Now, this dish does require using a generous amount of butter: a whole stick for brushing on the filo and three tablespoons for the filling to be exact. The savory richness of this dish is exactly what makes it a special occasion dish. I mean, we wouldn’t eat Thanksgiving’s marshmallow-smothered, butter-dotted sweet potato casserole every day, though it sure is fun to devour in late November.
Besides, it gives us an awfully good reason to run in that neighborhood Easter egg roll race.
So I guess if we’re going to run in the race, we better have the tastiest of reasons then…like this treasured tradition in many parts of Italy during Easter. Eat it either warm or at room temperature…just eat it! If you have access to fresh swiss chard, I recommend using it. The ones I saw at the market on the day I made this dish looked sad, so I opted for spinach instead. You can’t go wrong any way you make it!
making torta pasqualina
Prepare 500 grams of fresh baby spinach or swiss chard by washing it well. Click here for how to blanch spinach. Place it in a skillet over medium heat and cook until wilted. You may need to do this in two batches if you’re using a 10-inch skillet. Drain, allow to cool, and then squeeze any water out of them with your hands.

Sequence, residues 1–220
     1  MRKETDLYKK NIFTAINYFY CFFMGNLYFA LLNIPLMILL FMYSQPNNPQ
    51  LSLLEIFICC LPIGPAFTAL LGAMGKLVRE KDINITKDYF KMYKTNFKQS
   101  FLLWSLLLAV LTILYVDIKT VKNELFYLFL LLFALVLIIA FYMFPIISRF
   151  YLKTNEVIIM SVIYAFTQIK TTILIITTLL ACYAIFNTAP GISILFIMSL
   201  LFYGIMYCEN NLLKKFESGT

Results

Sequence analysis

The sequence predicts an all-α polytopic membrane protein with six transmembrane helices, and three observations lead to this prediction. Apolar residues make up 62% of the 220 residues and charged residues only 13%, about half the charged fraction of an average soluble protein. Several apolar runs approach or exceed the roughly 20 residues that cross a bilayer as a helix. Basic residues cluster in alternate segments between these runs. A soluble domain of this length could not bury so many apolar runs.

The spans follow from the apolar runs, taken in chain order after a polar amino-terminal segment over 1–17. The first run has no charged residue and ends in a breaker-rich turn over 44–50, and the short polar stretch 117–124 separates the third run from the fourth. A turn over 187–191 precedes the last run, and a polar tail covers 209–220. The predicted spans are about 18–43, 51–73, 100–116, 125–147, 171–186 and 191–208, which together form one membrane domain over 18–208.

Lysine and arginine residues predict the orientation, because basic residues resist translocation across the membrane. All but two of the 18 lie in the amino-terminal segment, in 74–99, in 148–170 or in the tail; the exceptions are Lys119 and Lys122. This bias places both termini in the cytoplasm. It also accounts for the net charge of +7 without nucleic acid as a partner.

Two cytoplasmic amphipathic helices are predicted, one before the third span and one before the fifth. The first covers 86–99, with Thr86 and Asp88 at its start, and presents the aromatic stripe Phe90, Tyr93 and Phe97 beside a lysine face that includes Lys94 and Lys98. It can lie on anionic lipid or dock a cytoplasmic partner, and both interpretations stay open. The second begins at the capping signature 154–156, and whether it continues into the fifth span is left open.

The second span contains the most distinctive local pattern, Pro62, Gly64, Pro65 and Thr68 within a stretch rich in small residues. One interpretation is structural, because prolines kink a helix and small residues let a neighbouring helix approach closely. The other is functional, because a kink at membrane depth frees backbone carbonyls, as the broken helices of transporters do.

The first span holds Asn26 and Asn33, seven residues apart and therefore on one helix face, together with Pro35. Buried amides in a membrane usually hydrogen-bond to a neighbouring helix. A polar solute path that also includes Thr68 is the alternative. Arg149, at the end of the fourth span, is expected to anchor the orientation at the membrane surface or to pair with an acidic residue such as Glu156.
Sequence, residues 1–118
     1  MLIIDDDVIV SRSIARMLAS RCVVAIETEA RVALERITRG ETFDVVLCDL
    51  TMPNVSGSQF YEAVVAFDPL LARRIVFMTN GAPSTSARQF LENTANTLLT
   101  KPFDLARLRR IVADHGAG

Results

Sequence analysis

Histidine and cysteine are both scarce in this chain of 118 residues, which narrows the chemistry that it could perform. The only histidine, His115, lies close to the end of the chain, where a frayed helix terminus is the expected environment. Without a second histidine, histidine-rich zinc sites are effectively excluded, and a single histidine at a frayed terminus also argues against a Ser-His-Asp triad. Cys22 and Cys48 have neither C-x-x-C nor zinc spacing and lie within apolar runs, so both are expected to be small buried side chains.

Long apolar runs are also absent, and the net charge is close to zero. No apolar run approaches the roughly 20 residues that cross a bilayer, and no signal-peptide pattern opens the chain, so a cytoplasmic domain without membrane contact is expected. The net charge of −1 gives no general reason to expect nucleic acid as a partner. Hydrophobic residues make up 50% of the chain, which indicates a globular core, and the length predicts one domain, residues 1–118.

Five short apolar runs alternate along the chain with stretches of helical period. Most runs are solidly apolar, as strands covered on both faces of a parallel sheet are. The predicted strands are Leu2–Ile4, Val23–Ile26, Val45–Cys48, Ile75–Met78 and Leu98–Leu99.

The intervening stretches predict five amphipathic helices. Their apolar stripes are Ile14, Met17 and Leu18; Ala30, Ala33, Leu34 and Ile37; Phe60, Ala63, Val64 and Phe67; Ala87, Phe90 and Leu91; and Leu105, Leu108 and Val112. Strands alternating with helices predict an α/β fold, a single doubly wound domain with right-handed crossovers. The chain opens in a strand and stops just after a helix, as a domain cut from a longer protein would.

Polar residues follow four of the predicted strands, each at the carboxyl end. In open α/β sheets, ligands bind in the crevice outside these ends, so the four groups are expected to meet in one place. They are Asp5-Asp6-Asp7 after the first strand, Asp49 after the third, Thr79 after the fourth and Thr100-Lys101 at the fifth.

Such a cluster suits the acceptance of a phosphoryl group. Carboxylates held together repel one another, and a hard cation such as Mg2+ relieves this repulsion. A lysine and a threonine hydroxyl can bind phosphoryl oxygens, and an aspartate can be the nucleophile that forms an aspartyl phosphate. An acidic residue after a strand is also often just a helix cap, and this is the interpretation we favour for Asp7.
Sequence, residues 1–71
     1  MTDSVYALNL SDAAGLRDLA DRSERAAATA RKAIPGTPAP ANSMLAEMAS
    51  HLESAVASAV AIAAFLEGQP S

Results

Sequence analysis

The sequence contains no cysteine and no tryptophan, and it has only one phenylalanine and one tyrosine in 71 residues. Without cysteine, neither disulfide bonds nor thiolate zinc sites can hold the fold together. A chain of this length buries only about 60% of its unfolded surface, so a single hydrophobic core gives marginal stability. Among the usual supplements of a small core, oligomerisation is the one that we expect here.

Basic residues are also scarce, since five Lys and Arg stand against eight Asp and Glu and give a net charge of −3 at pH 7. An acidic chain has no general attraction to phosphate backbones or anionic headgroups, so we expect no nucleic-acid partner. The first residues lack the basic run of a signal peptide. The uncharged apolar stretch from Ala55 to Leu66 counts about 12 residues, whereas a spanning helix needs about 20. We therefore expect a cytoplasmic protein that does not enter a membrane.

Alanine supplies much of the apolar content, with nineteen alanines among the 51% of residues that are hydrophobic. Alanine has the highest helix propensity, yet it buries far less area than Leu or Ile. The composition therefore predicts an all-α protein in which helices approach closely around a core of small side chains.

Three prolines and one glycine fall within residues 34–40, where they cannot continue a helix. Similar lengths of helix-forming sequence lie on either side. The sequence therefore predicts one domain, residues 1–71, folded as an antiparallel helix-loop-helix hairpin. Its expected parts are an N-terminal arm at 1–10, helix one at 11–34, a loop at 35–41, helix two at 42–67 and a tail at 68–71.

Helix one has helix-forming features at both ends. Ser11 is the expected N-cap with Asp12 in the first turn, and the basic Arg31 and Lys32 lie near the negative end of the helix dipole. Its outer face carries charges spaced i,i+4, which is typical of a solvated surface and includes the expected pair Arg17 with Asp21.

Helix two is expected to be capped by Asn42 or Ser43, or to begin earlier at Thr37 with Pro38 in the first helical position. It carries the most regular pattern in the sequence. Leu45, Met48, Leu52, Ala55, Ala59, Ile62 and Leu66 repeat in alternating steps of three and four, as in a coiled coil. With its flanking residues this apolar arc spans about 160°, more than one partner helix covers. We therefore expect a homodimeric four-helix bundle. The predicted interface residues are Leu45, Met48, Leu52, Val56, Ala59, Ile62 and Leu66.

Heat 3 tablespoons of butter in a fying pan and add 1 small chopped onion.
Cook until soft, on medium heat, for 15 minutes. Add a little salt to taste and mix well.
Remove from heat, add the chopped spinach, mix well and transfer to a large bowl.
In the same bowl as the spinach and onion mix, add the 1 2/3 cups of ricotta, a generous half cup each of Parmigiano-Reggiano and Pecorino, two whole eggs, 2 teaspoons of (preferably fresh) ground nutmeg, and salt and pepper to taste.
Don’t add too much salt, since the Parmigiano and Pecorino already lend a lot of saltiness. Mix well with a spoon and taste for seasoning.